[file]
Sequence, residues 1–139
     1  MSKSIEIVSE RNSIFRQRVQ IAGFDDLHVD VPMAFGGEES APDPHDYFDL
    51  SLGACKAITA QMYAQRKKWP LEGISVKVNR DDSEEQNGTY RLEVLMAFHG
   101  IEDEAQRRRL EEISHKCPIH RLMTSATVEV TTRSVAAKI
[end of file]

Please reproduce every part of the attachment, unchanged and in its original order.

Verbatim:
Sequence, residues 1–139
     1  MSKSIEIVSE RNSIFRQRVQ IAGFDDLHVD VPMAFGGEES APDPHDYFDL
    51  SLGACKAITA QMYAQRKKWP LEGISVKVNR DDSEEQNGTY RLEVLMAFHG
   101  IEDEAQRRRL EEISHKCPIH RLMTSATVEV TTRSVAAKI